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Lessons Learned: Apple’s Group FaceTime Bug (and Resulting Fix)

The Group FaceTime bug and Apple's response should trigger an enterprise IT examination of mobile OS patching practices.

Apple's recently surfaced Group FaceTime bug showcases the need for IT pros to be paying as close attention to mobile OS patching practices as they do (or, hopefully do) to patching desktop, server and other platforms.

Apple fixed two serious security flaws by making available its latest iOS release, 12.1.4, which also restores the ability to run Group FaceTime. The upgrade addressed a bug that allowed a FaceTime caller to see and hear a recipient before he or she even picked up, potentially allowing someone to eavesdrop on conversations without notice.

“IT leaders should look to ensure OS updates are applied and enterprise devices are continually patched,” says Marco Nielsen, vice president of managed mobility at Stratix. “This shows the importance for IT departments to develop processes to manage and secure their devices with the constantly changing technology landscape.”

Nielsen says Apple does a commendable job of patching and upgrading its OS. Yet, in this case, the tech giant didn’t realize it had a problem. The vulnerability was discovered by a 14-year-old--Grant Thompson, of Tucson, Ariz.--who was calling friends ahead of a Fortnite game and realized he could hear a FaceTime caller before the call was accepted. His mother attempted to reach out to Apple to report the bug but finally went to Twitter to publicize the issue. She finally got Apple’s attention by tagging the @AppleSupport feed.

House Energy and Commerce Chairman Frank Pallone Jr. (D-N.J.) and Consumer Protection and Commerce Subcommittee Chairwoman Jan Schakowsky  (D-Ill.) were also unimpressed with Apple's response. They sent a letter to Apple CEO Tim Cook calling for more information about user privacy and asking whether there are more bugs that are known but haven’t been fixed.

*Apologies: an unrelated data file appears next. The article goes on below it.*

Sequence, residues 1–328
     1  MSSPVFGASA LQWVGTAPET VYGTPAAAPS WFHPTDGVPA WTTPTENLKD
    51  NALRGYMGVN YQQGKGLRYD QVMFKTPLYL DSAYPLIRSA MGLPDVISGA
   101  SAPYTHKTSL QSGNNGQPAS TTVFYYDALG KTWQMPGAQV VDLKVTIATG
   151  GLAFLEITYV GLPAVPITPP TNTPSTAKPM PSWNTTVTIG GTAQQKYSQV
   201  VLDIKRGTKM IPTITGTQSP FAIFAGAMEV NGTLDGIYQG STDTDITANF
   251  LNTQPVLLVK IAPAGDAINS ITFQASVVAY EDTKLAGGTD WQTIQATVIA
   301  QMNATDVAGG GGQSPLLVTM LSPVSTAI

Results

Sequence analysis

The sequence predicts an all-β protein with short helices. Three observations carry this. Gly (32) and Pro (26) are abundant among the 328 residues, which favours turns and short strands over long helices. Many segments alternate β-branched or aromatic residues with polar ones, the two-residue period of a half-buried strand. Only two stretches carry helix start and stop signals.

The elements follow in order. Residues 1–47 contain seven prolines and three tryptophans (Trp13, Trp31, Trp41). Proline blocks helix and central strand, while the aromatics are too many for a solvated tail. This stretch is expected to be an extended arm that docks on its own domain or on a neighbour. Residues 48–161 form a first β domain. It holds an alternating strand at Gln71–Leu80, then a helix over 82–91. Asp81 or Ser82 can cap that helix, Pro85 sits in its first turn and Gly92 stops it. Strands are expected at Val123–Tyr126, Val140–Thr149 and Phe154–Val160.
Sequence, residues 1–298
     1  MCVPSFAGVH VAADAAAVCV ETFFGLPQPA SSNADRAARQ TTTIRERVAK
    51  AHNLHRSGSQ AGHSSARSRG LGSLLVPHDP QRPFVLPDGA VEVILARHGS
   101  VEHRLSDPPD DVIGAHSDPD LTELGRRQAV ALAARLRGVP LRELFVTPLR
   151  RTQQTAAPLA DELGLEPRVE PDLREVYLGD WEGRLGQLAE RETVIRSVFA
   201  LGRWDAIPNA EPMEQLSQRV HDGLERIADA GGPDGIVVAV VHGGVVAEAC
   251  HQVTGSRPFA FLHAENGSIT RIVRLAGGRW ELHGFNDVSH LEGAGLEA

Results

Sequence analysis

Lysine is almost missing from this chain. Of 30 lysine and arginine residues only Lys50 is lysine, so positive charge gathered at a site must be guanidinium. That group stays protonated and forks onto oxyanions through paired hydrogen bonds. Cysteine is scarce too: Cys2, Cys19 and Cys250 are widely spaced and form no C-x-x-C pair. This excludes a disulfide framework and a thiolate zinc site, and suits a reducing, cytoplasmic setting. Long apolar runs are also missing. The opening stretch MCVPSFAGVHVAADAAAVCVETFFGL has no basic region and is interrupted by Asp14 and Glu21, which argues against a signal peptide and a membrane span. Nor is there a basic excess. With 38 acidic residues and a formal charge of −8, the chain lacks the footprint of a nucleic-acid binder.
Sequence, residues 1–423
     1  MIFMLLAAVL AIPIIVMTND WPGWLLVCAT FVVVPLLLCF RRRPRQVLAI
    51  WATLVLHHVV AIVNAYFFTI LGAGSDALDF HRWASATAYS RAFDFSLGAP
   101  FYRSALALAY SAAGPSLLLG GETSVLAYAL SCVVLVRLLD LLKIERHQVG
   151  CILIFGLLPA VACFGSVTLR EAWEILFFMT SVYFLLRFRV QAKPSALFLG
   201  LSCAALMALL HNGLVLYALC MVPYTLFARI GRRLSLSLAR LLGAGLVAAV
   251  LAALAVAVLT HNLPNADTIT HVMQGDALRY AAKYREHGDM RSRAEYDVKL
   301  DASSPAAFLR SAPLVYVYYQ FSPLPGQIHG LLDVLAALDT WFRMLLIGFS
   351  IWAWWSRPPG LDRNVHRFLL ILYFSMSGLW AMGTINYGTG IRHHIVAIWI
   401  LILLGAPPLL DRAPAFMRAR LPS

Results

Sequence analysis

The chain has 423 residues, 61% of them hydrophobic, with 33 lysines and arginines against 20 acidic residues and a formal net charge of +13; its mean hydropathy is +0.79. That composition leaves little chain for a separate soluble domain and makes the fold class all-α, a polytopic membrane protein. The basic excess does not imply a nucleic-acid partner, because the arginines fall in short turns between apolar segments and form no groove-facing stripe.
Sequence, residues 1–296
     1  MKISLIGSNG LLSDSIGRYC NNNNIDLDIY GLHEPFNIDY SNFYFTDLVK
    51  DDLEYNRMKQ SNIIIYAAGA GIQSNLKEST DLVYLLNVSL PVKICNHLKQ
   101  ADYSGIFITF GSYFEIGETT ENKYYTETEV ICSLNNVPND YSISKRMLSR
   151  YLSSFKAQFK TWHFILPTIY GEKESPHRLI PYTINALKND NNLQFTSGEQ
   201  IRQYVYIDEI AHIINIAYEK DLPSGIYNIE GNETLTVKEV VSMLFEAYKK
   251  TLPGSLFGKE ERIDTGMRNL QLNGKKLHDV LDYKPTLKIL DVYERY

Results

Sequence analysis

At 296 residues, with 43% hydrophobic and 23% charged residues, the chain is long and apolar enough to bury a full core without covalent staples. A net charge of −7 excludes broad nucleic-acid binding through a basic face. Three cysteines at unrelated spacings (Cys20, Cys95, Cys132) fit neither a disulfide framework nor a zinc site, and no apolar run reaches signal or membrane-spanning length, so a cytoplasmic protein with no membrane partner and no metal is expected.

“As a first step, we believe it is important for Apple to be transparent about its investigation into the Group FaceTime vulnerability and the steps it is taking to protect consumers’ privacy,” the letter said. “To date, we do not believe Apple has been as transparent as this serious issue requires.”  

Apple said in a statement: “We want to assure our customers that as soon as our engineering team became aware of the details necessary to reproduce the bug, they quickly disabled Group FaceTime and began work on the fix. We are committed to improving the process by which we receive and escalate these reports, in order to get them to the right people as fast as possible. We take the security of our products extremely seriously and we are committed to continuing to earn the trust Apple customers place in us.”

The iOS release also squashed other bugs and was made available for iPhone 5s and later, as well iPad Air and later and the sixth generation iPod touch and later. The next interim upgrade should be iOS 12.2 , which is in beta. The company also updated its desktop macOS to 10.14 Mojave.

“Today's software update fixes the security bug in Group FaceTime,” the company said in a statement. “We again apologize to our customers and we thank them for their patience. In addition to addressing the bug that was reported, our team conducted a thorough security audit of the FaceTime service and made additional updates to both the FaceTime app and server to improve security.”

That's all well and good, but the Group FaceTime bug is no doubt one of many lurking beneath the applications in use in the enterprise--be they software platforms or mobile apps. 

"In the case of this particular Apple iOS FaceTime listening vulnerability, it appears that risk is mitigated by the fact that listening is or was only possible while the phone was ringing," says Mike Price, chief technology officer at ZeroFOX. "That said, there's at least some risk, and the presence of the bug lends credence to the idea that there may be other, more severe bugs like this out there, waiting to be discovered."


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